Md. Süleyman ESERDAĞCosmetic Gynecologist, Fellow of European Committee of Sexual Medicine (FECSM),Sexual Therapist, Editor of the Book ‘Female Aesthetic and Functional Genital Surgery’
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Anxiety of Vaginal Penetration

Anxiety of Vaginal Penetration

The fear of vaginal penetration in women is one of the most important causes of vaginismus problem in our country. Moreover, the vaginismus problem is described as a anxiety of vaginal penetration in some sources.

Anxiety of Vaginal Penetration

The anxiety of vaginal penetration in women is one of the most important causes of vaginismus problem in our country. Moreover, the vaginismus problem is described as a anxiety of vaginal penetration in some sources.

False, exaggerated, and unreal stories about the first sexual intercourse fill young minds especially from childhood; and when it is time for girls to get married, these stories can cause vaginismus, which is the disease of inability to have sexual intercourse. All these unreal, exaggerated stories and superstitions in the form of urban legends whispered from ear to ear in the society are also known as “Sexual Myths”.

What are the stories that led to the anxiety of vaginal penetration?

According to the most common exaggerated stories, the loss of virginity is very painful, and the first sexual intercourse is highly difficult, painful, and can even cause death from hemorrhaging. In addition, the inexperience of the partner about sexual intercourse increases the anxiety of vaginal penetration.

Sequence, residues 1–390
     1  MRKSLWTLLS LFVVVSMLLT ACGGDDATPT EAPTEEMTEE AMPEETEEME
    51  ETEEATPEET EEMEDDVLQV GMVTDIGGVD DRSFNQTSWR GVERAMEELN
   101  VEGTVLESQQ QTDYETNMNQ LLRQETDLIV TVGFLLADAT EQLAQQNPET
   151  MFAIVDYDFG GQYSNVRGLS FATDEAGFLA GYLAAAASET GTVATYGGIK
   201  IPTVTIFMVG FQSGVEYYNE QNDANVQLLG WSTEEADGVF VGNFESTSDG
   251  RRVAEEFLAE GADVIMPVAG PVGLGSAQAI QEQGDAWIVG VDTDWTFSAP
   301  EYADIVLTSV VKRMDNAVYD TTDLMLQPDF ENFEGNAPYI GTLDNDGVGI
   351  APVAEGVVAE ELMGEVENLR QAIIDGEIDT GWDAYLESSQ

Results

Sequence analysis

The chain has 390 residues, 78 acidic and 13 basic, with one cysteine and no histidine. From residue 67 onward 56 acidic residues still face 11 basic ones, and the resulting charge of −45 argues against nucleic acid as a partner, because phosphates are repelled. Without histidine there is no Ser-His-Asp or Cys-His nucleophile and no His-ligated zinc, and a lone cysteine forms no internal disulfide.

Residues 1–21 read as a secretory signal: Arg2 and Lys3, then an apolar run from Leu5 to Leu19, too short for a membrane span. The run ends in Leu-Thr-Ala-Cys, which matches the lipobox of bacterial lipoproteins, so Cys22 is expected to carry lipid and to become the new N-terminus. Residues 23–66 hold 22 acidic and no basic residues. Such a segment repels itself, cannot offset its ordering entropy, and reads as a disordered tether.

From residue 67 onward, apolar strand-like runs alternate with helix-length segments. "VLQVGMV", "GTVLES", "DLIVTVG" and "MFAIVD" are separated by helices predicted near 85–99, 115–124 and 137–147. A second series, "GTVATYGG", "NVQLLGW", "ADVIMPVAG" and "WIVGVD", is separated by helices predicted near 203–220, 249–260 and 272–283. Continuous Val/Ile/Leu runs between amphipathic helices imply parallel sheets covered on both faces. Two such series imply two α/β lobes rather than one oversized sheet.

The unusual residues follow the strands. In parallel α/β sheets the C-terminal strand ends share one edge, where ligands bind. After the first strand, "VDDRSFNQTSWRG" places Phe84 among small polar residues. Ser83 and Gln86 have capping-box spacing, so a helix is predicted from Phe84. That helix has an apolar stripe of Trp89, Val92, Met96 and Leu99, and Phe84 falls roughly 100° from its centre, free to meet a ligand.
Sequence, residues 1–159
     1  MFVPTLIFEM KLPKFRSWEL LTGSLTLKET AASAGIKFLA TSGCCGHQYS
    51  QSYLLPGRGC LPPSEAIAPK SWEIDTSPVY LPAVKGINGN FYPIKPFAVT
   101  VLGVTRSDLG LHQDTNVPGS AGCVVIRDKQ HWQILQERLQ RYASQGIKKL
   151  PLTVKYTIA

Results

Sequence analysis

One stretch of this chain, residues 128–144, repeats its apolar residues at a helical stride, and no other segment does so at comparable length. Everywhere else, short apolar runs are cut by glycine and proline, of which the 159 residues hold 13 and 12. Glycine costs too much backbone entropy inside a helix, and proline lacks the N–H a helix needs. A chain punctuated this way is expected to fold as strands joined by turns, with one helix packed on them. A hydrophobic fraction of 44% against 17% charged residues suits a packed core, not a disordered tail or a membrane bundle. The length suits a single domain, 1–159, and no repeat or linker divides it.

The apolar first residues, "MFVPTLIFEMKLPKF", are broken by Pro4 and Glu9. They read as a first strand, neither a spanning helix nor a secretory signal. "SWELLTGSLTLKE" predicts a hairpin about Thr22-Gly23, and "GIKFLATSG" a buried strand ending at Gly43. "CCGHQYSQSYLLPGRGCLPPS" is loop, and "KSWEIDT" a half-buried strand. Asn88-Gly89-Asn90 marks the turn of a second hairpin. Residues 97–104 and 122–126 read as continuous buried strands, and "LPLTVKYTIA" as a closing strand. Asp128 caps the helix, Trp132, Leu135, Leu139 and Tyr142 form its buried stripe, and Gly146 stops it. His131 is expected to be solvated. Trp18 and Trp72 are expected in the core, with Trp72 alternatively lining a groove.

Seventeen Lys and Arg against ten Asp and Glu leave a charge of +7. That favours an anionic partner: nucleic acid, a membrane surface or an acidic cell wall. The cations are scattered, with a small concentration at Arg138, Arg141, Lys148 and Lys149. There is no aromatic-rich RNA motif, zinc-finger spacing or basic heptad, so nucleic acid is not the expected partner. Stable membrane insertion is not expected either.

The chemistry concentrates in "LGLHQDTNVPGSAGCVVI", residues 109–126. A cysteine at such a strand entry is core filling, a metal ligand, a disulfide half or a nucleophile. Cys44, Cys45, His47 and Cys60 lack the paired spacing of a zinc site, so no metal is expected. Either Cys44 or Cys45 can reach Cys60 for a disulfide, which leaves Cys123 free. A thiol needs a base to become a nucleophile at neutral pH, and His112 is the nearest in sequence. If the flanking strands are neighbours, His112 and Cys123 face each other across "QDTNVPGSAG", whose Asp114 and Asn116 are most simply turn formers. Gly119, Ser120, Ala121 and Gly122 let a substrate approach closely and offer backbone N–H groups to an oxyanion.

Such fears also include the concern that the penis can go to a wrong place and damage the urinary tract or anus during sexual intercourse. Another anxiety of vaginal penetration is the myth “penis captivus”, also known as vaginal headlock.

How to prevent the anxiety of vaginal penetration?

The anxiety of vaginal penetration in women and men can be prevented with sexual information given primarily by the family and then by the school from an early age.

Considering that sexual identity begins to develop at 3 years of age, such information should be given from a very early age. The information and messages that the child needs to receive about sexuality is different at every age. Giving correct sexual information to the child will prevent unnecessary anxieties and exaggerated and false information that he/she will hear from the people in the following years.

Who have the fear of vaginal penetration among women?

  • Those who do not have adequate knowledge about sexuality,
  • Those raised by helicopter parents in a closed, conservative family,
  • In people who have grown up in a modern environment but who are excessively afraid of pain and have high self-control.

The fear of vaginal penetration is mostly common in young girls who were raised without adequate knowledge of sexuality. Such girls are mostly those who have been raised by helicopter parents in a closed, conservative family. However, it is more likely to be seen in young girls with high self-control and a low threshold of pain, who have been raised in a modern environment.

How to overcome the anxiety of vaginal penetration?